Slightly above, centered, and in front, that's what makes the Butterfly pattern what it is. Working with Talia outside in a garden of a mansion in California, I wanted to try to eschew the usual "outdoorsy" look on this, hence I underexposed the background and worked to lose it in bokeh (using an ND because of sync speed limitations). I opted to use Butterfly lighting (on a white dish) to nullify the semi-diffused sun as the final complement.


The world of portrait lighting patterns should be taken seriously and studied, but not obsessed over. I have found that starting with a pattern in mind on set at least gives you a focus and a vision to work with, but you should be careful to accept any happy accidents that may occur when your planned pattern gets nixed during shooting. You never know when your Loop vision becomes a far better Split one, or any other unexpected result. Learn the rules, but be open to breaking them, even by accident.

Staci and I recently went over Rembrandt and Butterfly lighting in a recent episode, so you may want to check that out to see how simple it can be to achieve these looks.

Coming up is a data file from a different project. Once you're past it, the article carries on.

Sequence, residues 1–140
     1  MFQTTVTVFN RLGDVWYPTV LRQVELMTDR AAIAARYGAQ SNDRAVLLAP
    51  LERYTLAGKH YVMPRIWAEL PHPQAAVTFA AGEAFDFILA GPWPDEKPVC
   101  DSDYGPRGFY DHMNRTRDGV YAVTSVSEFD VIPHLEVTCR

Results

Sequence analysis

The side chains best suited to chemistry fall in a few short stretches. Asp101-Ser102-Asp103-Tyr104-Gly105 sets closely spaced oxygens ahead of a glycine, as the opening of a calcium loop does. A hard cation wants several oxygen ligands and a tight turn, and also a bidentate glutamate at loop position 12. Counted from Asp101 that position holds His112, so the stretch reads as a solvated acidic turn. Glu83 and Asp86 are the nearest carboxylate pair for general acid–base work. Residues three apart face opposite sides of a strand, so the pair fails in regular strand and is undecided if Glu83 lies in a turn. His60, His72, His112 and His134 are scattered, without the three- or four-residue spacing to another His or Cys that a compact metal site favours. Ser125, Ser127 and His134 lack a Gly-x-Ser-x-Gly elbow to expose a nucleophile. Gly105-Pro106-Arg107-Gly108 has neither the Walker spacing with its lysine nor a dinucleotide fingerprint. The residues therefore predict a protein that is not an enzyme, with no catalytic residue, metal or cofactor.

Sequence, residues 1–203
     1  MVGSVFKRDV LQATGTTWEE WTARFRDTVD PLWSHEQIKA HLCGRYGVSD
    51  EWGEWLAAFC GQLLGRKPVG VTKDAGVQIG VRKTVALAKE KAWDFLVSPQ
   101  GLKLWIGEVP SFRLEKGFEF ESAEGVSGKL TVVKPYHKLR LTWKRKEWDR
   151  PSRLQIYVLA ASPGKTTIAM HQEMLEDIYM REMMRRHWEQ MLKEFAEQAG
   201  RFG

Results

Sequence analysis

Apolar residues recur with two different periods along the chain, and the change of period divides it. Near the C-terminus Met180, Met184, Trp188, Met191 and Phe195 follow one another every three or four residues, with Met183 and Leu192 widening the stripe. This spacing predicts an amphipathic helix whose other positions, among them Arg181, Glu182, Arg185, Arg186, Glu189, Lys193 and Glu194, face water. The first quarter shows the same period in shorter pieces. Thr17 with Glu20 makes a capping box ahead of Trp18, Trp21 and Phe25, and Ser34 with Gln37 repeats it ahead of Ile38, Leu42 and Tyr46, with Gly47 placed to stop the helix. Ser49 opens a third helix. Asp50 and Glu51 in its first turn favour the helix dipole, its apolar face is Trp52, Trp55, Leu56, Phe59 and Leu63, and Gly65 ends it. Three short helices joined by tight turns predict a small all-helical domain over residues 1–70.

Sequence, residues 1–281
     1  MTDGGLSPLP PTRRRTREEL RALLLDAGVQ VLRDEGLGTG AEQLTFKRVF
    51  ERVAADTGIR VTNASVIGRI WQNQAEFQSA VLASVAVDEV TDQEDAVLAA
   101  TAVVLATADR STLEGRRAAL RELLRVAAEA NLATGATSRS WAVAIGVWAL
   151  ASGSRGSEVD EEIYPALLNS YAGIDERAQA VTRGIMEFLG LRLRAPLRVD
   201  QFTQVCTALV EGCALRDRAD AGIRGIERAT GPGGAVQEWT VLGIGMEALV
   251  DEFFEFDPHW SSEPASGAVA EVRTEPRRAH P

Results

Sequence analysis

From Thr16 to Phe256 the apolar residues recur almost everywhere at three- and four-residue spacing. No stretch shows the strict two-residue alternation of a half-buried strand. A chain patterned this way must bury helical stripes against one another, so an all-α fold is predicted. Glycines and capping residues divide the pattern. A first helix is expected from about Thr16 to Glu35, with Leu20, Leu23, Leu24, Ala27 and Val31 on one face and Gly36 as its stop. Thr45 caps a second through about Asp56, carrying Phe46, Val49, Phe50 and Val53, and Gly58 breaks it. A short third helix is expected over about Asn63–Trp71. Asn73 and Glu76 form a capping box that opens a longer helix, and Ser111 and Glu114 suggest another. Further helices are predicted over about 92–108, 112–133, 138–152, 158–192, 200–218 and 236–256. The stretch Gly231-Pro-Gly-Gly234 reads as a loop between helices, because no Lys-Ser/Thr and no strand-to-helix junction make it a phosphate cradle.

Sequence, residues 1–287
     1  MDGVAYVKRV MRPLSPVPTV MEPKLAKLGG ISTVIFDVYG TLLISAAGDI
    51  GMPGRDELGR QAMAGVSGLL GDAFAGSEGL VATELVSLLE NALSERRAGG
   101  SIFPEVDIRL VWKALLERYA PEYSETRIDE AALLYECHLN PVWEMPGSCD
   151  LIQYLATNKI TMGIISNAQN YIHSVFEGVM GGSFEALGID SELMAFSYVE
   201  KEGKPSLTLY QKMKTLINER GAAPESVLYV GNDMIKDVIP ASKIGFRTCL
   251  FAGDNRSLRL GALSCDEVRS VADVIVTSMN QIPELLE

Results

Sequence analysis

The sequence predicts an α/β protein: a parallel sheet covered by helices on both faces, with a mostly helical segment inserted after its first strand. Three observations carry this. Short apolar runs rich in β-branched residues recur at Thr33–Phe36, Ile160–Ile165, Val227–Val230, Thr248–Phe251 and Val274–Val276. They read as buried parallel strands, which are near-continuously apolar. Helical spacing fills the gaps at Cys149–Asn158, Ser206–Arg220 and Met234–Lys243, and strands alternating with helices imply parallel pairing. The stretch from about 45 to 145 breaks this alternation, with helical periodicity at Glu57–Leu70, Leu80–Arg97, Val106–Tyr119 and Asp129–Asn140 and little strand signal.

Which patterns do you like to use, or tend to gravitate towards?

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Sean Shimmel's picture

The basics are always the most exciting. Always a treat, Nino, to read your posts.

Here's a shot from my own world just a couple hours ago. Full-flooded ring light.

Anonymous's picture

Great article! Video was very informative. Thanks.

Christian Berens's picture

Great little video and writeup as always Nino!
I appreciate it!!

geoffreybadner's picture

Broad lighting? short lighting? All subsets of the above or patterns of their own?

John Funk's picture

I like that you talk about these as patterns that can be applied in various situations!

Leigh Smith's picture

All that gear an no decent audio... at the beginning.

Yes I'm going to keep complaining till you fix it!!!!